Ganaele Langlois Speaks about Language and Meaning in Software
[originally published on the UnlikeUs #2 conference blog]
Software Matters, the first session of the second day of Unlike Us #2, was introduced and chaired by Korinna Patelis, who underlined that software can be read and interpreted as a text, which has extraordinary implications for social media analysis. Users of social media read this text over and over again on a daily basis, while scholars debate whether reading should stop at the interface or continue deep into the intricacies of code. Ganaele Langlois (pictured right) presented her work-in-progress on language and meaning-making in software, based on a theoretical framework that combines the perspectives of Italian autonomists and Bernard Stiegler’s pharmacology.
Interested in sites of encounter between software and users, Langlois talked about language as interface, as a tool of meaning-making. She focused on the conditions, consequences and effects of meaning-making along a human-software continuum. Meaning can be created by human actors who input all types of text (or content), through the collaboration of software and human users or entirely by software and algorithmic processes, such as Amazon’s recommendation system.
The central question that guided her presentation was: What happens to language and meaning-making in commercial social media such as Facebook? To answer it, she drew on autonomist perspectives of immateral labour and examined language as a form of capitalist investment, as a new way to sell commodities using emotion and affect. Her frame of thought was inspired by a remark made by Matteo Pasquinelli, who recently described language as a means of production at the center of contemporary economy.
Langlois identified three stages of meaning-making, namely signification, subjectivation and making sense.
Signification, to her mind, is not the traditional notion of Sausurre, but a problematic concept that has been highly impacted by technology. In the line of Guattari, Langlois looked at signification in terms of social roles in cultural contexts and the modes of material expression that are available.
Applying signification to software, the first example mentioned by Langlois is the average online recommendation system, which operates like this: there’s a set of data (material layer), generated and ordered by algorithmic processes (the set of rules that governs the material layer) and a cultural contexts in which the system functions (the articulation of the rules). Amazon’s rec system, for instance, could be infinite as, if one buys something, one can receive more and more recommendations.
As for what happens on social media platforms, meaning is less important than meaningfulness. Langlois took the audience back to when Gmail was first launched and touted as the first free email service, which contained a piece of software that “reads” the content of a user’s emails and produces targetted advertising. An outcry about invasion of privacy followed, but Google said that there’s no need to worry about that since software does not care about what you say; software is not a human agent, it just needs information.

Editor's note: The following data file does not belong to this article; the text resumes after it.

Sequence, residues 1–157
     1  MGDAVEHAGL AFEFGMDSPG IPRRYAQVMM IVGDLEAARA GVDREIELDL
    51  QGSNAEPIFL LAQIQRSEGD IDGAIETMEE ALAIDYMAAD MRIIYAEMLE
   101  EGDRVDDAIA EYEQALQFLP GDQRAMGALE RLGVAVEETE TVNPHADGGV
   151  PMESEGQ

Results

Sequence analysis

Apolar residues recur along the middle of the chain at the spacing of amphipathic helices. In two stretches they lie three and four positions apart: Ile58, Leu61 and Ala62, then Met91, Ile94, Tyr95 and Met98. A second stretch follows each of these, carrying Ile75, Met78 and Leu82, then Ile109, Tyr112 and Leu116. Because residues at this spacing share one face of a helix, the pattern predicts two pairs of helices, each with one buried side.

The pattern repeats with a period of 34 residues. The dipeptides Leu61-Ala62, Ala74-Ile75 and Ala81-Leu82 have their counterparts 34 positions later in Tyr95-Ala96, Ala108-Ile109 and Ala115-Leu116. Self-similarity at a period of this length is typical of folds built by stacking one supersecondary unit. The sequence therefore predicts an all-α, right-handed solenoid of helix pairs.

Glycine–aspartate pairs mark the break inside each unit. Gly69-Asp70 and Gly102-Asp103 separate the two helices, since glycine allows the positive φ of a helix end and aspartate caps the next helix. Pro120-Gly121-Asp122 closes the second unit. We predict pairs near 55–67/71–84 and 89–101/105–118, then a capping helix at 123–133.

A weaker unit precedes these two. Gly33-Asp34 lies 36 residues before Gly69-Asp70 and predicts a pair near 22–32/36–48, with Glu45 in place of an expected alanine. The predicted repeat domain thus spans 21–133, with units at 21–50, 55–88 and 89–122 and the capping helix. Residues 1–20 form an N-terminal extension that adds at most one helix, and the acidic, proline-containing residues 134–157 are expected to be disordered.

Meaning itself becomes less important than ranking huge amounts of information according to various cultural logics. Another example is the targetting of advertising on Facebook, which, unlike Amazon’s expansion-oriented rec system, is based at looking at the network and closing in on certain particularities and preferences.
Langlois did not – due to time constraints and the complexity of the matter – devote the same attention to subjectivation, which she connected to psyche-capitalism that contains all processes of signification on social media platforms and deals with current conditions of existence and the possibility of predicting future ones.
She emphasized the need to move away from content and to follow the Guattarian logic of focusing on the collective assemblage of frames. That is, not on messages repeated over and over again, but on how they resonate. The repetition of messages socially positions us, as users and consumers, and ultimately incorporates certain messages into our beings, such as a catchy chorus.
Rushing to tie everything into the idea of making sense, Langlois concluded that social media platforms are about creating conditions of existence formatted by commodification and cognitive capitalism. Feelings of panic paranoia and stress are bound to arise as users strive to actualize themselves in a capitalist framework that perpetuates a sense of lack.
Written by Catalina Iorga
Ganaele Langlois is Assistant Professor in the Communication Program at the University of Ontario, Institute of Technology and Associate Director at the Infoscape Centre for the Study of Social Media. Her research interests are influenced by software studies and Autonomia. She has a forthcoming co-authored book on Online Politics 2.0 with Greg Elmer and Fenwick McKelvey (Peter Lang, forthcoming). Her articles have been published in Culture Machine, Fibreculture, New Media & Society, and the Canadian Journal of Communication.